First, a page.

One of the essential principles of an efficient throwing mechanic is to open the elbow straight back after ball separation from the front hand to a position of 90 degrees in the elbow and 90 degrees in the arm pit. An elbow lower than that will have to come “around” the axis of the torso creating an arm mechanic that increases chances of missing targets laterally. Since this mechanic is essential, the key is now to get to that point as quickly as possible, with no wasted motion that adds unneeded time to the delivery. A common mistake is taking the ball down and around, and looping to get ultimately in that same position to bring the ball forward, so it simply makes sense to eliminate all unnecessary motion.

Tebow pushes the ball down and away, looping his motion around the axis of his elbow.

One can see that the elbow must track through the 90 degree position anyway.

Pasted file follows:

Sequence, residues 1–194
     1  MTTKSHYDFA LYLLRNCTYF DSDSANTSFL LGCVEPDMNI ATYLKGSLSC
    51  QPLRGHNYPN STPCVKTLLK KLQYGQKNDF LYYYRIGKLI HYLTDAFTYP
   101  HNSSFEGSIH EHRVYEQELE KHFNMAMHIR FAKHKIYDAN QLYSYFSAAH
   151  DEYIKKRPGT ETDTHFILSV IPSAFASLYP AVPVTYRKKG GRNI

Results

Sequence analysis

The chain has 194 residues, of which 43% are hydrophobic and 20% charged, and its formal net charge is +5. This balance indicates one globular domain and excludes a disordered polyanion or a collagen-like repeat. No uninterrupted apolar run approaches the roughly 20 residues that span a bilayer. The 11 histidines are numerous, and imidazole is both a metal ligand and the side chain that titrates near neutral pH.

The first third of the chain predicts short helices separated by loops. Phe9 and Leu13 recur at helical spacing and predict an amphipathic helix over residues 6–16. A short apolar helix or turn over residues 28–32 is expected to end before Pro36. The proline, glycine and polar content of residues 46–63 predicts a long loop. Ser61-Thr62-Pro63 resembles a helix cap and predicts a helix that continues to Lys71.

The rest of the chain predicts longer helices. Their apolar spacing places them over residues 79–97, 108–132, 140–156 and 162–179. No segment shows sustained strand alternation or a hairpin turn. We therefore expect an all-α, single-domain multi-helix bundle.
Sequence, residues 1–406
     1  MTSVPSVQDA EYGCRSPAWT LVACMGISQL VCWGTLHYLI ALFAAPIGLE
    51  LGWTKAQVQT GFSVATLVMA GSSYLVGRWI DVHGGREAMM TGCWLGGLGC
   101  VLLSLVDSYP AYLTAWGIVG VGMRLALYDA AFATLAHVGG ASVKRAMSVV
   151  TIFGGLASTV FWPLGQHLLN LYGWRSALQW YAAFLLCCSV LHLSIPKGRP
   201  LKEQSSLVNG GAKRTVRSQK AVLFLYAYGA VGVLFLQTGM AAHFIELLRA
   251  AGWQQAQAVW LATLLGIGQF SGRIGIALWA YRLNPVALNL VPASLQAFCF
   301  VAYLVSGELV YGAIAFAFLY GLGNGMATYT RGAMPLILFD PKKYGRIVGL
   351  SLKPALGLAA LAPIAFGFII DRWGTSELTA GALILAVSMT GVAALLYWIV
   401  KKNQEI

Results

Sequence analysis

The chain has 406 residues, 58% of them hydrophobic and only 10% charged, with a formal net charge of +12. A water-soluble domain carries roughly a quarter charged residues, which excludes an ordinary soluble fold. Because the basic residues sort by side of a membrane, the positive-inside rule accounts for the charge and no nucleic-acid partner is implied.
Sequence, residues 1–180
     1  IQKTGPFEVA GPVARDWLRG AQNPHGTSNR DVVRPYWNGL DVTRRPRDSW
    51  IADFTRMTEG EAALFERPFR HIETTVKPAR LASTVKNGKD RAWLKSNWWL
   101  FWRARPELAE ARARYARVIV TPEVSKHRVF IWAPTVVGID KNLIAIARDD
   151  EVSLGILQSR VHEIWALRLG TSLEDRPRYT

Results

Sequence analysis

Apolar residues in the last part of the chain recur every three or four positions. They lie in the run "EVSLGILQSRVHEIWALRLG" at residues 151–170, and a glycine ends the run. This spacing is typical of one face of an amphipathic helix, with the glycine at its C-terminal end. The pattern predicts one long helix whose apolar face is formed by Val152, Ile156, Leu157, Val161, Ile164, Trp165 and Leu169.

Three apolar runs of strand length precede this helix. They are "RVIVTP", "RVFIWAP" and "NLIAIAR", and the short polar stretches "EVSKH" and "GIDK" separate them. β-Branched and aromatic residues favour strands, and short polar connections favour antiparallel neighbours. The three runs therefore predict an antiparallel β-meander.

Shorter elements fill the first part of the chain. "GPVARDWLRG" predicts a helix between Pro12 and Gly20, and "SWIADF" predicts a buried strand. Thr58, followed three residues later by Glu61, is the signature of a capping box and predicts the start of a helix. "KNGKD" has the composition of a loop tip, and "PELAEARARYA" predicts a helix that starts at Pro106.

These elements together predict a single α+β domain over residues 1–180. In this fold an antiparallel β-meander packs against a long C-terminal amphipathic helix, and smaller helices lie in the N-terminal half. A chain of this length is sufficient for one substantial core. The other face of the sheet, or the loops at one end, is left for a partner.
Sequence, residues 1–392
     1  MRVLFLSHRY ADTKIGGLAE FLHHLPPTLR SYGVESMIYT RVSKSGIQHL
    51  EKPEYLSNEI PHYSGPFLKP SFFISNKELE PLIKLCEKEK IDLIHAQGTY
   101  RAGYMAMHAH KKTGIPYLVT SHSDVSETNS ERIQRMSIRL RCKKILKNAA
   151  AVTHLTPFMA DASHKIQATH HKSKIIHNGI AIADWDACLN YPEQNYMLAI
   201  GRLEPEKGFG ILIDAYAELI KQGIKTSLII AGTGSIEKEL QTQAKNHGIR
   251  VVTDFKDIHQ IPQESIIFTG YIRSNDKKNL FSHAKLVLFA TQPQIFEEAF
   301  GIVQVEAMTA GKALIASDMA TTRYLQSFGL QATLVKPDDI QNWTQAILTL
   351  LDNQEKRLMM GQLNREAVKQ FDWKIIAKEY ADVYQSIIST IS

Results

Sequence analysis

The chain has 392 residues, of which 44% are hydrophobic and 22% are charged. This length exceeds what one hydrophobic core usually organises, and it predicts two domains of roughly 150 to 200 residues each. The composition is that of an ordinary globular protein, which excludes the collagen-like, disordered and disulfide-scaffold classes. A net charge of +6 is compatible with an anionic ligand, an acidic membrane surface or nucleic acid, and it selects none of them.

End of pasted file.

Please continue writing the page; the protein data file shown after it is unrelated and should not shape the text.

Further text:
The following video from ESPN’s Year of the Quarterback details the much publicized Tim Tebow delivery and his “new” delivery unveiled at his pro day in 2010. The criticism of Tebow’s delivery is simply one of physics. It takes longer, much longer, to get the ball out when one takes the ball on a full circle before releasing. Additionally, many players who “loop” the ball down and around like this develop a compensation for the added time by trying to shave some time back off the mechanic by either slashing around laterally off the shoulder which decreases lateral accuracy, or creating a short arm and releasing early which greatly reduces power and velocity as well as accuracy. Pro quarterbacks typically have a release time of about .4 seconds. Tebow is consistently .2 seconds later than that. Considering an athlete can go 8-10 yards in one second, that two-tenths of a second has an exponential effect on delivering the football to a target down field in the right place at the right time.